Work Together on Finances
When it comes to household finances, both parties should be involved in the process. In many cases, one person is left to do it all, totally absolving the other from any responsibility. This can lead to problems when things are not monitored closely, or the person holding that responsibility can feel resentful about having to take care of it all. Collaborating and regularly talking about finances can alleviate stress in a relationship, stabilizing any bad spending habits.
Early Retirement Isn’t Likely
Many people would love to retire early from work which is attainable, but you need to save for a long time and make some sacrifices. Make sure to add 10 or more years into your working life and realize that the more money you add to the savings, the less years you’ll spend using it to live.
Avoid Using Credit for Back-Up Plans
Credit cards and a line of credit should only be used in cases of emergencies. It may help you through when you’ve lost your job and haven’t gotten another, but you’re still going to have to pay that money back.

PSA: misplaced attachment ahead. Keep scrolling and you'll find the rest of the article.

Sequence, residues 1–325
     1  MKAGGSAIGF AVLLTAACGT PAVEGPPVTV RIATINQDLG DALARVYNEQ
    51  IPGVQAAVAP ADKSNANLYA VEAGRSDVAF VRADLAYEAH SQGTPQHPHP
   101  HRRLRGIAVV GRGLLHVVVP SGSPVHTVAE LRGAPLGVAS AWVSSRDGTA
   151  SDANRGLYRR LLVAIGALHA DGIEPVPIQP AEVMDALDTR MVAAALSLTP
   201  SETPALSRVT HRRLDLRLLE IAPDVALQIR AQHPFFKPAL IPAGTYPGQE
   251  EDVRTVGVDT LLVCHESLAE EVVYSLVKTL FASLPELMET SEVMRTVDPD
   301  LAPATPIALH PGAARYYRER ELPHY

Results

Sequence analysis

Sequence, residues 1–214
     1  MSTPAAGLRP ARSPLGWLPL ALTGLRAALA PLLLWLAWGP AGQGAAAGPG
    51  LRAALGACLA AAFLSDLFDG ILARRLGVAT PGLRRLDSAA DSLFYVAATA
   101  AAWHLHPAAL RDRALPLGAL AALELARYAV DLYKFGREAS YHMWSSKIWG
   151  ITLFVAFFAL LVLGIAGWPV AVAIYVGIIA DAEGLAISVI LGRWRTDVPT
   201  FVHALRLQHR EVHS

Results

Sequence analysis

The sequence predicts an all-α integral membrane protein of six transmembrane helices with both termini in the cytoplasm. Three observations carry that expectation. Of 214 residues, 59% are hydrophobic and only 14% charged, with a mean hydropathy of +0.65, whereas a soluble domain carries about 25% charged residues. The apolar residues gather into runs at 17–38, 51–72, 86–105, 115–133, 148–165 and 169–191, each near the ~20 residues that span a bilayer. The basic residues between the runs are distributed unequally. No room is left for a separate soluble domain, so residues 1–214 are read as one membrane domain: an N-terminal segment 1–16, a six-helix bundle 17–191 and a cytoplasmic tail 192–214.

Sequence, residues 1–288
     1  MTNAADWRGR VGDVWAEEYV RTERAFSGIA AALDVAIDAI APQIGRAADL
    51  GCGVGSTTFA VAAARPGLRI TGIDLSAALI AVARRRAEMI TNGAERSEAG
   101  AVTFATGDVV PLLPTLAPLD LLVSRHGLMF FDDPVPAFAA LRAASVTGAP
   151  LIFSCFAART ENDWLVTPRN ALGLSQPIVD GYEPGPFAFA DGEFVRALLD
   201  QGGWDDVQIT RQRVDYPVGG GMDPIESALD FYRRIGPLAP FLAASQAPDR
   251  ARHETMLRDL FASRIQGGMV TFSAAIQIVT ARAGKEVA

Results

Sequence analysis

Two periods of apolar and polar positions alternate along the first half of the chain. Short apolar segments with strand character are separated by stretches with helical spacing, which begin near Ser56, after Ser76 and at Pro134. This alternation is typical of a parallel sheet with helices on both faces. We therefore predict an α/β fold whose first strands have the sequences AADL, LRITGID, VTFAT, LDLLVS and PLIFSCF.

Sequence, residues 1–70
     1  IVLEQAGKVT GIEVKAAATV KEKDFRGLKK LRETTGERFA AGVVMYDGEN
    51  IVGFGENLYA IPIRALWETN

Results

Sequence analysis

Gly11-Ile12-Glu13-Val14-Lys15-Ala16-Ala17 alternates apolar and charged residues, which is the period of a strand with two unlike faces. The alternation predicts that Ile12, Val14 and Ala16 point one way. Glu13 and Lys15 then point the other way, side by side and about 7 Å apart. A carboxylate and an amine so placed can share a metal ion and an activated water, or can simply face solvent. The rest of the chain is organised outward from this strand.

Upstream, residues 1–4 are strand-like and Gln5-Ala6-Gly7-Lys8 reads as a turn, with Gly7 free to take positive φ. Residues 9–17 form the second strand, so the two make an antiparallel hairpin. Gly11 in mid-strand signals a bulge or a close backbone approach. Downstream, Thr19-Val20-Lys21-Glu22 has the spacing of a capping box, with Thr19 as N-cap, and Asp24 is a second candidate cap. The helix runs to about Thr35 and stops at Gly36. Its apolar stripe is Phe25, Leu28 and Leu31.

Slowly Pay Back Your Debt
When tackling your debt, do it steadily. You’re going to be faced with challenges, but make sure the goal is something you can actually reach.
Did you have any financial gains or losses so far this year? If so, what lessons did you learn from them? It’s important when talking about finances to consider what you gain from an experience and how you can better prepare yourself for when an opportunity arises or a misfortune develops.
Make the Right Big Purchases
Buying the little things to keep you going throughout the day such as a morning coffee or grabbing lunch at your favorite regular is totally fine once it’s factored in to your budget and well within your means. The acquisitions you really need to be wary of are fancy cars and/or expensive houses. While you may think you’re happy with your purchase now, buyer’s remorse may soon set in when you come to realize that your financial freedom felt better than the item you’ve obtained.
Minimize Your Credit Card Usage
If you have credit cards, consider not keeping them in your wallet and leave them at home so you’re not tempted to use them. Yes, credit cards are an important part to your financial health, but think of the interest that they can accumulate. With a good credit score, you can reduce your borrowing costs. Use those cards wisely.
Save for Your Retirement